(physics) deformation of a physical body under the action of applied forces
difficulty that causes worry or emotional tension
"she endured the stresses and strains of life"; "he presided over the economy during the period of the greatest stress and danger"- R.J.Samuelson
tune, melody, air, strain, melodic line, line, melodic phrase(noun)
a succession of notes forming a distinctive sequence
"she was humming an air from Beethoven"
strain, mental strain, nervous strain(noun)
(psychology) nervousness resulting from mental stress
"his responsibilities were a constant strain"; "the mental strain of staying alert hour after hour was too much for him"
breed, strain, stock(noun)
a special variety of domesticated animals within a species
"he experimented on a particular breed of white rats"; "he created a new strain of sheep"
form, variant, strain, var.(noun)
(biology) a group of organisms within a species that differ in trivial ways from similar groups
"a new strain of microorganisms"
injury to a muscle (often caused by overuse); results in swelling and pain
the general meaning or substance of an utterance
"although I disagreed with him I could follow the tenor of his argument"
striving, nisus, pains, strain(noun)
an effortful attempt to attain a goal
an intense or violent exertion
the act of singing
"with a shout and a song they marched up to the gates"
strive, reach, strain(verb)
to exert much effort or energy
"straining our ears to hear"
try, strain, stress(verb)
test the limits of
"You are trying my patience!"
use to the utmost; exert vigorously or to full capacity
"He really extended himself when he climbed Kilimanjaro"; "Don't strain your mind too much"
sift, sieve, strain(verb)
separate by passing through a sieve or other straining device to separate out coarser elements
"sift the flour"
tense, strain, tense up(verb)
cause to be tense and uneasy or nervous or anxious
"he got a phone call from his lawyer that tensed him up"
become stretched or tense or taut
"the bodybuilder's neck muscles tensed;" "the rope strained when the weight was attached"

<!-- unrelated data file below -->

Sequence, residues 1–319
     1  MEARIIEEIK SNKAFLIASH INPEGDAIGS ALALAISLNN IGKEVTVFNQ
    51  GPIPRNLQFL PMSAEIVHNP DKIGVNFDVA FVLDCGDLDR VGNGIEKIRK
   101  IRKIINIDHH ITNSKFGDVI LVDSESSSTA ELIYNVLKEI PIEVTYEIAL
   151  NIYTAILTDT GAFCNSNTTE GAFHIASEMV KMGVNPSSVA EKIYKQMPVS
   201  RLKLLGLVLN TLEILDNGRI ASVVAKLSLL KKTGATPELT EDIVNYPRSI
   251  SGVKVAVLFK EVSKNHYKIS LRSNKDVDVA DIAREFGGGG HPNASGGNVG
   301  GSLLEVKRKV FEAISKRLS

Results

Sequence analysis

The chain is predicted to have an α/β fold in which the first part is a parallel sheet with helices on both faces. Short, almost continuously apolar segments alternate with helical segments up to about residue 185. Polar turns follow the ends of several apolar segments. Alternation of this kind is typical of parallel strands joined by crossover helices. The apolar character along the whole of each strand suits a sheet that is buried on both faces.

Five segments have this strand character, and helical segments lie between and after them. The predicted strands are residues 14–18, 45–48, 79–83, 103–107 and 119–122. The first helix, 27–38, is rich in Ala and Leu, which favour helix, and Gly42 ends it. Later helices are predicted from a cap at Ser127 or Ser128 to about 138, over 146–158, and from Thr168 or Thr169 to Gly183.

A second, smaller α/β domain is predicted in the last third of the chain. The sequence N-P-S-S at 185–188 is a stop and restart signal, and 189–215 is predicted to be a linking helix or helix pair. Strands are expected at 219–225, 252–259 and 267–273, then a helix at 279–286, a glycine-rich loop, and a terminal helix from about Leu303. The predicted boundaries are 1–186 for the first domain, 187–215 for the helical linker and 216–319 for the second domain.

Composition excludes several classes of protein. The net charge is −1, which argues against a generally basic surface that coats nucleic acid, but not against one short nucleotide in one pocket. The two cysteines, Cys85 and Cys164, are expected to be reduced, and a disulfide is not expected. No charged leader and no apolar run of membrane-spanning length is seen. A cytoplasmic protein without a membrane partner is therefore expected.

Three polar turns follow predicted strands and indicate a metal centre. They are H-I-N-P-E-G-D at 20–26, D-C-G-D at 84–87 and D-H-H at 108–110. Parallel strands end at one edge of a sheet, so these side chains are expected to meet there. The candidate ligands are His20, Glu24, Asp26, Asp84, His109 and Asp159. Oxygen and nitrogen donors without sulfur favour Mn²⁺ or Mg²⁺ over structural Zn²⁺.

filter, filtrate, strain, separate out, filter out(verb)
remove by passing through a filter
"filter out the impurities"
rub through a strainer or process in an electric blender
"puree the vegetables for the baby"
deform, distort, strain(verb)
alter the shape of (something) by stress
"His body was deformed by leprosy"
race; stock; generation; descent; family
hereditary character, quality, or disposition
rank; a sort
to draw with force; to extend with great effort; to stretch; as, to strain a rope; to strain the shrouds of a ship; to strain the cords of a musical instrument
to act upon, in any way, so as to cause change of form or volume, as forces on a beam to bend it
to exert to the utmost; to ply vigorously
to stretch beyond its proper limit; to do violence to, in the matter of intent or meaning; as, to strain the law in order to convict an accused person
to injure by drawing, stretching, or the exertion of force; as, the gale strained the timbers of the ship
to injure in the muscles or joints by causing to make too strong an effort; to harm by overexertion; to sprain; as, to strain a horse by overloading; to strain the wrist; to strain a muscle
to squeeze; to press closely
to make uneasy or unnatural; to produce with apparent effort; to force; to constrain
to urge with importunity; to press; as, to strain a petition or invitation
to press, or cause to pass, through a strainer, as through a screen, a cloth, or some porous substance; to purify, or separate from extraneous or solid matter, by filtration; to filter; as, to strain milk through cloth
to make violent efforts
to percolate; to be filtered; as, water straining through a sandy soil
the act of straining, or the state of being strained
a violent effort; an excessive and hurtful exertion or tension, as of the muscles; as, he lifted the weight with a strain; the strain upon a ship's rigging in a gale; also, the hurt or injury resulting; a sprain